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From Barnes & NobleOur Review
It's a classic girl-meets-boy tale. Girl -- urban, successful, independent -- doesn't want or need anyone else in her life. Then she meets boy and something in his deep brown eyes inexplicably compels her to bring him back to her place. Soon, they fall madly in love and the rest, as they say, is history.
But this girl-meets-boy story has an unconventional twist, for "boy" is not exactly a tall, dark, and handsome Prince Charming. Well, on second thought, he may be dark and handsome, but he's actually rather short. And four-legged. You see, "boy" is a dog. A brown boxer, in fact, who is about a year old when "girl," a writer and women's history scholar named Louise Bernikow, happens upon him one sunny afternoon in Manhattan's Riverside Park. Like most relationships, their first year together was alternately blissful and rocky, as they struggled to trust each other and adapt to different lifestyles. Bernikow has recounted that first year in the charming little book Bark if You Love Me.
Even before the "little brown dog" (who is soon named Libro, the Spanish word for "book") panted his way into her life, Bernikow always saw people as belonging to one of two groups: dog people or antidog people. The division between the two camps is especially notable in New York, her home city, where people live on top of one another and fight daily for precious inches of sidewalk space. So, petless until Libro, Bernikow was decidedly antidog, irritated by unleashed mongrels who nearly tripped her and by the unpleasant traces they left on the sidewalk. Libro's arrival changed her attitude completely.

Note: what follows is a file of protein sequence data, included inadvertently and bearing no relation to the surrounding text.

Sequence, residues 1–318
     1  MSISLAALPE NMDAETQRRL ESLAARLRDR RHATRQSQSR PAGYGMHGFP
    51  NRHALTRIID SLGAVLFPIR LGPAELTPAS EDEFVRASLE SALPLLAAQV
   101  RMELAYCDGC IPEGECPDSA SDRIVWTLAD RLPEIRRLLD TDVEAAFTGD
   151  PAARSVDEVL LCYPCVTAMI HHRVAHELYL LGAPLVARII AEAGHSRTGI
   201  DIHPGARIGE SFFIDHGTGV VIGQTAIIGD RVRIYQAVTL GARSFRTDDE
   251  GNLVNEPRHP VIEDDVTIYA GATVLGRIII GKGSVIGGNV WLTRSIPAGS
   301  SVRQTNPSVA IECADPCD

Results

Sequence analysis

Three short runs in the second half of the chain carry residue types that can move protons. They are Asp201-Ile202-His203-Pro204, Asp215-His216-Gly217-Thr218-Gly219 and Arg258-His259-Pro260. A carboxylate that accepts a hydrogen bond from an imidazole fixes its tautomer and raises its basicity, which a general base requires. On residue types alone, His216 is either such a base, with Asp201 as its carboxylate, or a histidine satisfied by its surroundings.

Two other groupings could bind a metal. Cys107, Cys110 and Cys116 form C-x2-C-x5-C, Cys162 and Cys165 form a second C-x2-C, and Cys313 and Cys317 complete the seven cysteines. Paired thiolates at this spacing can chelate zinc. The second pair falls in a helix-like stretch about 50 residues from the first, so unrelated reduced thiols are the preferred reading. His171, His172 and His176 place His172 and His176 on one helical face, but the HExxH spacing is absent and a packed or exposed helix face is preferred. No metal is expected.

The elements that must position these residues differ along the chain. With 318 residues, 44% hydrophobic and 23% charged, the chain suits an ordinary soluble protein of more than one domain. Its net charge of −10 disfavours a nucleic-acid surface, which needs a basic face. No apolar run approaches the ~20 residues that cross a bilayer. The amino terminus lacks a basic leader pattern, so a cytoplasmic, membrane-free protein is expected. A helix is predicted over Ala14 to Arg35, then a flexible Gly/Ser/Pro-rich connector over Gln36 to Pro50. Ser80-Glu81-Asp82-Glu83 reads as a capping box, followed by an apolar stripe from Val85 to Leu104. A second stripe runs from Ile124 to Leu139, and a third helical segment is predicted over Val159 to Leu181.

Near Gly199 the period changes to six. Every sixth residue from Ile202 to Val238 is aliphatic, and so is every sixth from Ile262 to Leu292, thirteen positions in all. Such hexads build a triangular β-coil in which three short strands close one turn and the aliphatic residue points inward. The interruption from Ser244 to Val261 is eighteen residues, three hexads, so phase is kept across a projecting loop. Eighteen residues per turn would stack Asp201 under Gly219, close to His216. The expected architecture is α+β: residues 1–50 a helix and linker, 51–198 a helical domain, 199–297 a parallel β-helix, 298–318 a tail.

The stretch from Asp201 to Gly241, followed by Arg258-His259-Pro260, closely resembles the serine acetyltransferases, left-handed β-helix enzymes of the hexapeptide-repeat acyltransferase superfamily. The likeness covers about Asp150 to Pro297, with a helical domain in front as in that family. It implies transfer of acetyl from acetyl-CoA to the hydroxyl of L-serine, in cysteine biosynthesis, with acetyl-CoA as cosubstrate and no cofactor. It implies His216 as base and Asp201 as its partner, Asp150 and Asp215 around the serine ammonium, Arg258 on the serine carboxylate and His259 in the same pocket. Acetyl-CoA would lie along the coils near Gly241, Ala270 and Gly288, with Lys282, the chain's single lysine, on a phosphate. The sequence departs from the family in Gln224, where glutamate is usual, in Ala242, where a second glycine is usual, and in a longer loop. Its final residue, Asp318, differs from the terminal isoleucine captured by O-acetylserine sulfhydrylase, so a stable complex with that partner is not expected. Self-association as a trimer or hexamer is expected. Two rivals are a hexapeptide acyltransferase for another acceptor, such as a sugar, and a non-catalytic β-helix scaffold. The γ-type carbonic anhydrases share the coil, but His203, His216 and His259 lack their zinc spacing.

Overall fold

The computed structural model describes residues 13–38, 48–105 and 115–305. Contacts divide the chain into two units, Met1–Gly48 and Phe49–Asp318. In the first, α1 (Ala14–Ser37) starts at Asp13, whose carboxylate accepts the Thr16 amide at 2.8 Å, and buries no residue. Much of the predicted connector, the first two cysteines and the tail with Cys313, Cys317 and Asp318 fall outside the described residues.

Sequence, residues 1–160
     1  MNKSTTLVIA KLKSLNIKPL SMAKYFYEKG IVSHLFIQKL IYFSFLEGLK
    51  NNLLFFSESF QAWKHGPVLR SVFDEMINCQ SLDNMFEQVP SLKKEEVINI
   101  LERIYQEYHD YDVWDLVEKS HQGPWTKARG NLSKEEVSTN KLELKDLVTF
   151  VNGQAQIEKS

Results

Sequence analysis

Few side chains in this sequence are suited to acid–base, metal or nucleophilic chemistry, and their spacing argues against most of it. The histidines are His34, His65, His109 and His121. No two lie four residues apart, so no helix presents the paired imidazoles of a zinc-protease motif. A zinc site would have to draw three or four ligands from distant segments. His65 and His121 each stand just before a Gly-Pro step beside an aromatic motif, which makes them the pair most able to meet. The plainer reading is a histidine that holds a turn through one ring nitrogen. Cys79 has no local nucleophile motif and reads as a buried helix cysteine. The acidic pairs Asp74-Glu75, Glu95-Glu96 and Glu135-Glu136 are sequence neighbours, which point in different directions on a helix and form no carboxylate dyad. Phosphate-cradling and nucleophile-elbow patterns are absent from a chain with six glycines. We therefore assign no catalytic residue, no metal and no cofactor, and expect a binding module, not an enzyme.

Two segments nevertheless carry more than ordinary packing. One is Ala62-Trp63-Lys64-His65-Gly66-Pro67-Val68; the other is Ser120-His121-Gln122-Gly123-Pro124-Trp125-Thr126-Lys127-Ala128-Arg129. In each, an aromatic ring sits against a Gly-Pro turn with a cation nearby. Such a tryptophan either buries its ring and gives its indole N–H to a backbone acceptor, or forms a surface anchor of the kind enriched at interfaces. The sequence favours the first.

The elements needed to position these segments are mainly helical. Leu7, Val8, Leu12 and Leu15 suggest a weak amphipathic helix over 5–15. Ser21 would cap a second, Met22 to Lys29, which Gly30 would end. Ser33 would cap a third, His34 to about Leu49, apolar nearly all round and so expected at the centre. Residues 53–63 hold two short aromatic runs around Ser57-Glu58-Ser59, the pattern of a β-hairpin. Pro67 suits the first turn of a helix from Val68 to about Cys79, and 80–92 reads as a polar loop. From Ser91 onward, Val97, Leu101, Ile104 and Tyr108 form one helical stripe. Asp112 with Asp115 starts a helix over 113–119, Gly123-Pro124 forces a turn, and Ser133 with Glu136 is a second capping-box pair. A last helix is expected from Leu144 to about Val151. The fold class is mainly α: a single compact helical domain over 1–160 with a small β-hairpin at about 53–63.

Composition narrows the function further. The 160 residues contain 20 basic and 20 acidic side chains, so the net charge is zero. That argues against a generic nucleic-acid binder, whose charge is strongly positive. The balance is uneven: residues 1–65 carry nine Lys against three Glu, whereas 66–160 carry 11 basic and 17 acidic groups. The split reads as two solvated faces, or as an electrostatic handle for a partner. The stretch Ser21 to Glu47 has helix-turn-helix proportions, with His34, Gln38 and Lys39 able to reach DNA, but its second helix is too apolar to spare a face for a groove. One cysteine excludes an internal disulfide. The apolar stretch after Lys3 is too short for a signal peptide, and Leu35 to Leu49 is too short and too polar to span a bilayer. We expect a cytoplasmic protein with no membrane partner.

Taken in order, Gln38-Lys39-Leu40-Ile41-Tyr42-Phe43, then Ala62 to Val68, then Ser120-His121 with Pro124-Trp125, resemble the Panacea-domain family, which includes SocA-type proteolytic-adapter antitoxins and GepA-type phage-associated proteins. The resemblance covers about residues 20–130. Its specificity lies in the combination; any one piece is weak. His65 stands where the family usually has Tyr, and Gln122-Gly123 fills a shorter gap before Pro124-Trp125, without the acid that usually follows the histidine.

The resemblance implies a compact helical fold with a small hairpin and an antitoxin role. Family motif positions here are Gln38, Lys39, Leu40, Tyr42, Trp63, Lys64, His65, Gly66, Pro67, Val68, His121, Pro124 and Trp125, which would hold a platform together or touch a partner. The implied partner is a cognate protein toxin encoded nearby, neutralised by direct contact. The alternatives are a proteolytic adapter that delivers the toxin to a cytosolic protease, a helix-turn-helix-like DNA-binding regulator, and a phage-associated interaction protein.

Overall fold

Bark if You Love Me is wonderfully entertaining as Bernikow details her defection to the ranks of the dog people. Suddenly, strange new parameters define her life: early morning dog-walking gatherings in the park, dog food brand comparison, vet talk. As the book progresses, Bernikow embarks on a journey to uncover Libro's past, before their fateful park encounter, and, in the process, she begins to gain some new perspective on her own life. The resulting tale is amusing as she recounts parental anxiety when she first leaves Libro for an extended period of time; thoughtful as she analyzes her place in the world as a modern woman and reexamines her notions about family; delightful as she and Libro develop friendships with people in the neighborhood, especially fellow dogs and their owners. (Including a human Prince Charming? Perhaps.)
Ultimately, Bark if You Love Me is a fun, quick, lighthearted read -- perfect as you sit in the waiting room at the vet's office. And, as in any classic love story, Bernikow and Libro live happily ever after.